ZeroTurnaround Launches 'Interactive' Java Profiler, XRebel

Java toolmaker ZeroTurnaround has announced the general availability of its new Java profiler, XRebel. The company has been working on what it describes as an "always-on, interactive" profiler for more than a year, and company Founder and CEO Jevgeni Kabanov says that from the beginning it was meant to be something different.

"It's about who we designed it for," Kabanov told this site. "The typical Java profiler is meant for performance experts who use it in dedicated sessions to generate lot of data that needs to be interpreted. XRebel is almost the opposite of that. It's meant for everyone, including developers and QA. It runs all the time in the background while you are writing and testing code. It detects performance issues, lets you know that you have them, and then if you click on it, it shows you right away exactly the drill down necessary to fix that issue."

In other words, XRebel 1.0 is designed to allow Java developers to find and fix problems as they code. The company says it can be used to detect a range of issues, including HTTP session bloat and leaks, SQL query inefficiencies and time sinks, and hidden exceptions. The tool supports WebSphere, WebLogic, Tomcat, JBoss/Wildfly, Jetty and Glassfish.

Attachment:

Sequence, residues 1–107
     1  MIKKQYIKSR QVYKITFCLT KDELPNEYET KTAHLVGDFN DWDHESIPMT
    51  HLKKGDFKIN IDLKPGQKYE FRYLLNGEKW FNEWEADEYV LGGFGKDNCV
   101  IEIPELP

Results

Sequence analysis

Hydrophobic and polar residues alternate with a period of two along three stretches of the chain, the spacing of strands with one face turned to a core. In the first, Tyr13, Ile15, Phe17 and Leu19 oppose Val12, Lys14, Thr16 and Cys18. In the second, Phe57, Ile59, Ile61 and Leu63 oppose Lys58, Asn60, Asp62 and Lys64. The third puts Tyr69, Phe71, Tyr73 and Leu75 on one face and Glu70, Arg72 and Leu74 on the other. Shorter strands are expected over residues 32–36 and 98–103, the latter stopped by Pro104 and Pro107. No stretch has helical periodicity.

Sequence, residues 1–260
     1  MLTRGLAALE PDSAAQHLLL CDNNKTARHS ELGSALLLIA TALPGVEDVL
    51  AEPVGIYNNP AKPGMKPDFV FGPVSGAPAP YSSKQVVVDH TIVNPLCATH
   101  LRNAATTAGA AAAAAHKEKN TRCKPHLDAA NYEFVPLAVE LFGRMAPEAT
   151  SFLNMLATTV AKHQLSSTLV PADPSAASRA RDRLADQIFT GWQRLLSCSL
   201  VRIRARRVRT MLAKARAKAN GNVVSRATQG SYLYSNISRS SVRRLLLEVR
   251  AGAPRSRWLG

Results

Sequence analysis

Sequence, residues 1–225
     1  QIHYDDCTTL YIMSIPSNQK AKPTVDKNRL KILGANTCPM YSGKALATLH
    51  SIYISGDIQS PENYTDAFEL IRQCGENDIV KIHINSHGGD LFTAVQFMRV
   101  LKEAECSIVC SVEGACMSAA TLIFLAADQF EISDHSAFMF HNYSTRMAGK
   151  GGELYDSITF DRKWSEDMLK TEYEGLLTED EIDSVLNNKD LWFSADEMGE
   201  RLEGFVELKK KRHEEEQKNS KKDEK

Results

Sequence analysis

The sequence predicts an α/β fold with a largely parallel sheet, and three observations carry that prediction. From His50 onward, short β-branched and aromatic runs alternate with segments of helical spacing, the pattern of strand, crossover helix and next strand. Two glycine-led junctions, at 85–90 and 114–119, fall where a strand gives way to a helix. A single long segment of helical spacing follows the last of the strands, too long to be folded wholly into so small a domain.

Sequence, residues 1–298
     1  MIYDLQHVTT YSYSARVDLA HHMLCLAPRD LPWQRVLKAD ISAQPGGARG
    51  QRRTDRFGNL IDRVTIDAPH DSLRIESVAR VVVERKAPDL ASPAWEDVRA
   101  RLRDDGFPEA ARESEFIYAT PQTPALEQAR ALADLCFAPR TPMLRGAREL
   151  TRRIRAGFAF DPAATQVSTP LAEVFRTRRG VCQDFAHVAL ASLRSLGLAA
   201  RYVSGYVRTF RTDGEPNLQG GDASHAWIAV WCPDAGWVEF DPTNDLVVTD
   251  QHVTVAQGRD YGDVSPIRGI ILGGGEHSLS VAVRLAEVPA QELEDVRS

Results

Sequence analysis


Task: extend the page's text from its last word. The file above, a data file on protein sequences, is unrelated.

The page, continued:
"This is a different use pattern," Kabanov said. "XRebel enables developers to continuously test and iterate on their code, to catch more production-related errors before they commit code, and to better understand their codebase. It creates this awesome feedback loop in development that developers didn't have before."

The company gave XRebel a broad beta test at more than 500 organizations, Kabanov said. He calls it a great first step, but adds that the company has plans to expand the product's capabilities in the near future. Look for Web services support in the next version, and down the road, support for MongoDB and other NoSQL databases.

The Tartu, Estonia-based company is probably best known for its JRebel plug-in, which integrates with the Java Virtual Machine (JVM) and app servers on the class loader level, and allows developers to make on-the-fly code changes in Java class files. The company's research and content organization, Rebel Labs, publishes free, vendor-neutral technical resources.

About the Author

John K. Waters is the editor in chief of a number of sites, with a focus on high-end development, AI and future tech. He's been writing about cutting-edge technologies and culture of Silicon Valley for more than two decades, and he's written more than a dozen books. He also co-scripted the documentary film Silicon Valley: A 100 Year Renaissance, which aired on PBS.  He can be reached at [email protected].